The characteristics of neuronal oscillatory activity may hold additional information of disease-related changes in PD.33 Both beta-band power and centre frequency reflect a quantification of power spectral density (PSD). While these features can provide valuable information about disease-related changes in PD, the PSD quantification of a neural time series provides a static summary of the oscillatory activity across the entire time series. PSD does not account for inherent dynamics in this activity or changes in the time series on shorter time scales—as is prevalent in neural time series. The beta-band exhibits a great degree of variation over time and contains characteristic high-amplitude "bursts" that last about 50–200 ms, both in the cortical and sub-cortical beta-bands.34–37 Functionally, the transient bursts appear to play a pivotal role in sensorimotor processing through the basal ganglia-thalamic-cortical network. For instance, the presence of a beta burst in the sensorimotor cortex close to a tactile stimulation decreased the likelihood of tactile detection38, and the rate of beta bursts is shown to decrease in the time leading up to a movement both in STN39–41 and in the sensorimotor cortex.42,43
In PD, quantification of beta-band burst activity from recordings in the STN has shown that beta-burst rate and duration are reduced by dopaminergic medication44,45 and deep brain stimulation.37 Furthermore, PD patients exhibit a decrease in the rate of beta burst at the cortical level compared to healthy controls.14 This decrease in beta burst rate is inversely related with increased severity of motor symptoms;46 particulary bradykinesia and postural-kinetic tremor symptoms, but there is not evidence pointing to an effect of dopaminergic medication on cortical bursting properties.14 Notably, the burst rate showed a higher sensitivity than PSD beta power for discriminating PD patients from healthy controls, demonstrating that the choice of method for analysing beta-band features influences the sensitivity of subsequent analyses. This is further complicated by the fact that in addition to disease-related changes, these features likely differ with age,43,47 and the fact that most studies on oscillatory changes in PD come from studies with small sizes.48 The central challenge is quantifying the measured neural signals to extract the disease's relevant features from the signals, be it the spectral power, centre frequencies, or burst-like features.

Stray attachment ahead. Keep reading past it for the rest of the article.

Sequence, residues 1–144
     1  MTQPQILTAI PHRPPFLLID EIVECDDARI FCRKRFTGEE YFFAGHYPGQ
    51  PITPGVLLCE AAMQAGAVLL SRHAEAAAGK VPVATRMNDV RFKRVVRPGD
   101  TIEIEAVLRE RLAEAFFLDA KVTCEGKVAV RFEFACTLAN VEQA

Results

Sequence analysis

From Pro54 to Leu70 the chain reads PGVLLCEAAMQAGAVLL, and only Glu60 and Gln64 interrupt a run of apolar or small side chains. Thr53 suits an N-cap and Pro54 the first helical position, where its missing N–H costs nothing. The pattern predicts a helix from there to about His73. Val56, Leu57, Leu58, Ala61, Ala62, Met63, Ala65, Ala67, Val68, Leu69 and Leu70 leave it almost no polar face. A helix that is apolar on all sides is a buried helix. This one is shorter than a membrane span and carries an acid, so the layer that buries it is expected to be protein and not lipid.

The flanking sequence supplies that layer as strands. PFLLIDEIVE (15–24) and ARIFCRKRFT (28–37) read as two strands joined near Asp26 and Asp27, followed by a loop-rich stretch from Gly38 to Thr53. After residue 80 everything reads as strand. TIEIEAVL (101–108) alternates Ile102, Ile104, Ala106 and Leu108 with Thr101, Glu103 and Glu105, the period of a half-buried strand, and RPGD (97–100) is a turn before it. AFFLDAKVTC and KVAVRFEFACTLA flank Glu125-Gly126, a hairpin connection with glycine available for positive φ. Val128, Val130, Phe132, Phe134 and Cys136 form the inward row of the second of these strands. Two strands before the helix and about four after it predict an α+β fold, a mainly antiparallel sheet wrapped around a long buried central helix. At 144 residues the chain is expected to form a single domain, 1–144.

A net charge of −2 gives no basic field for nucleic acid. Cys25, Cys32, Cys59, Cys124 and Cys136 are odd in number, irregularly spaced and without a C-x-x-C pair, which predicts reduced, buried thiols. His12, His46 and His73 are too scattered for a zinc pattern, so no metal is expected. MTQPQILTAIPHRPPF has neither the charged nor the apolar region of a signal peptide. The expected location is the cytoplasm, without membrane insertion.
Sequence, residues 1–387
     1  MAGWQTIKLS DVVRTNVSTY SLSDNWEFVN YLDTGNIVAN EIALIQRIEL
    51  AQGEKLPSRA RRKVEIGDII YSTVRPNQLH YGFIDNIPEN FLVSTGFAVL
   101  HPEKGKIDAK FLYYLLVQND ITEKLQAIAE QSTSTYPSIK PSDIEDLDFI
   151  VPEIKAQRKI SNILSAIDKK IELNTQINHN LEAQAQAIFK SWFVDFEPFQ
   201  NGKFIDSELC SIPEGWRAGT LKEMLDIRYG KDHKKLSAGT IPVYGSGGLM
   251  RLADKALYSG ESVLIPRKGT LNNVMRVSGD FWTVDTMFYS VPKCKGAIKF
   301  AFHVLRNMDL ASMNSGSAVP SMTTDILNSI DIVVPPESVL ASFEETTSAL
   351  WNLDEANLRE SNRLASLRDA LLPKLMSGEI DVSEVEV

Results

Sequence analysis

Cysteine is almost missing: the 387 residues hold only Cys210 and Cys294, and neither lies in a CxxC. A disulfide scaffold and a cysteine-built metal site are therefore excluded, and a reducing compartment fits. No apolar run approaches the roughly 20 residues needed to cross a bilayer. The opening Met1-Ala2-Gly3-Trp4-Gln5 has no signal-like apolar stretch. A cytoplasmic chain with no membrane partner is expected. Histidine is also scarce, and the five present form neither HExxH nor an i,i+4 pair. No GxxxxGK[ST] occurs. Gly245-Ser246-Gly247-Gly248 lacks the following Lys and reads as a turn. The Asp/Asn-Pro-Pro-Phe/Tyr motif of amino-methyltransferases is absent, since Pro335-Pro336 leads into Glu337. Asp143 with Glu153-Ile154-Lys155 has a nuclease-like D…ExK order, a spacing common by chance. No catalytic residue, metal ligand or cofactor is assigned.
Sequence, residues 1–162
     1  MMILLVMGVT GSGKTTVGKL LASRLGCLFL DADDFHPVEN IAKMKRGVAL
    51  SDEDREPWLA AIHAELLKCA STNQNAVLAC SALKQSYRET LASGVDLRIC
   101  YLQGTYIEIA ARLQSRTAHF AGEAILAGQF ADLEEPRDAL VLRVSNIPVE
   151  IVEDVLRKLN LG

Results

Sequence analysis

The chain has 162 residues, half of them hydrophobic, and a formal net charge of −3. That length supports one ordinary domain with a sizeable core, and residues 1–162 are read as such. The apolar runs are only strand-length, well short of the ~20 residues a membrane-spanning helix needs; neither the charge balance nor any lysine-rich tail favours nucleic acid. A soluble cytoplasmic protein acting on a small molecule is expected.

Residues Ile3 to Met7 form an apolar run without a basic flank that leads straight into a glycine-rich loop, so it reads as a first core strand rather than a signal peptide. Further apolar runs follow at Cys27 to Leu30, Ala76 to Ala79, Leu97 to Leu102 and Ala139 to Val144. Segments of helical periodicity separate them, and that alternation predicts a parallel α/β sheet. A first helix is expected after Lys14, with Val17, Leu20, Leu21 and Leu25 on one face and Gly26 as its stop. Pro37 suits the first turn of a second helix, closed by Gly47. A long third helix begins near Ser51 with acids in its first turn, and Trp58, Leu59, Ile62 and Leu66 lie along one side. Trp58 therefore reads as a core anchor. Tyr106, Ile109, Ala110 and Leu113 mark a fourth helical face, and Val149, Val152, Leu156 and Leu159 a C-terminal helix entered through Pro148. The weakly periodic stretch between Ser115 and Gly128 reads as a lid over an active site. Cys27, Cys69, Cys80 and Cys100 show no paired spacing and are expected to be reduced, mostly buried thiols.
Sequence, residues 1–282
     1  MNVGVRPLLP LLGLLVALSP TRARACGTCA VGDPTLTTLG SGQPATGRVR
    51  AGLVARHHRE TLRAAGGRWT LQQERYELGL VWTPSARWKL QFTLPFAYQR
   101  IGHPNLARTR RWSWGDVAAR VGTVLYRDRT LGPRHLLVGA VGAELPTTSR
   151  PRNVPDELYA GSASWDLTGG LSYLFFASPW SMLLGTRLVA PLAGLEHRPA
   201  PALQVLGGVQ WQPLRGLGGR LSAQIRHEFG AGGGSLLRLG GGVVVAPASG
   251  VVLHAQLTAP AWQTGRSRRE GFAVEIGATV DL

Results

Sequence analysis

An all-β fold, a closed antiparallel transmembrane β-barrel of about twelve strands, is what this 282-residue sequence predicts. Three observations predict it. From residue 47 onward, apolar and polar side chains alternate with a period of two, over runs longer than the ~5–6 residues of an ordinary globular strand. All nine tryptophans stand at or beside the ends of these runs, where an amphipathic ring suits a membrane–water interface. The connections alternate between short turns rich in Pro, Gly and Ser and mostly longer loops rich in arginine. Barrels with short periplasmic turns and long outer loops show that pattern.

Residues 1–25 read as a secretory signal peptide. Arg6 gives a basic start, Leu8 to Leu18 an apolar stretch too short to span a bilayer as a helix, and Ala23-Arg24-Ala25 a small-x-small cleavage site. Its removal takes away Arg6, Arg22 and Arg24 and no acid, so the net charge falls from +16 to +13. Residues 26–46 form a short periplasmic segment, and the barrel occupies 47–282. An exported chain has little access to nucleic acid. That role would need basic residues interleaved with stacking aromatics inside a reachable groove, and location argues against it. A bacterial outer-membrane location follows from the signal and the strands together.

In the current study, we aimed to compare how different oscillatory features of cortical sensorimotor activity change in PD to elucidate what oscillatory features in the neural time-series differ between PD patients and healthy controls and how these features are associated with different motor symptoms in PD. We extracted the sensorimotor neural resting-state activity from source reconstructed resting-state MEG signals in the sensorimotor cortex (Fig. 1) and quantified the time-series in terms of the PSD in the canonical mu-band (8–30 Hz).49,50 In addition to the band-specific analysis, we compared the 1/f broadband characteristics of the PSD.51,52 Finally, we compared features of the sensorimotor rhythm in terms of time-domain analysis of spontaneous transient bursts.14,38 We tested the hypotheses of altered functional changes in PD by analysing how these features differed between PD patients and healthy controls and further investigated the interactions with age and sex. As ageing is associated with structural and functional changes in the sensorimotor cortex53,54, we investigated if the potential changes in sensorimotor activity in PD differed across age. Since both healthy ageing and PD disease progression are linked to thinning of the cortex55,56, we further included thickness of the sensorimotor cortex in the analysis as a potential mediating factor on the sensorimotor activity that potentially also interacts with disease state.
The central hypothesis was that there would be differences between healthy controls and PD in features of the sensorimotor signals, but also that different features may be related to different functional changes. We hypothesised that individual oscillatory features would reflect different underlying neural functions in the sensorimotor system and thereby show different relationships to the clinical manifestations of specific motor symptoms in PD. We tested this hypothesis in two steps: first, examining the inter-relationship between all different measures, and subsequently, examining what feature—or combination of features—best explained the variation in severity within each motor symptom.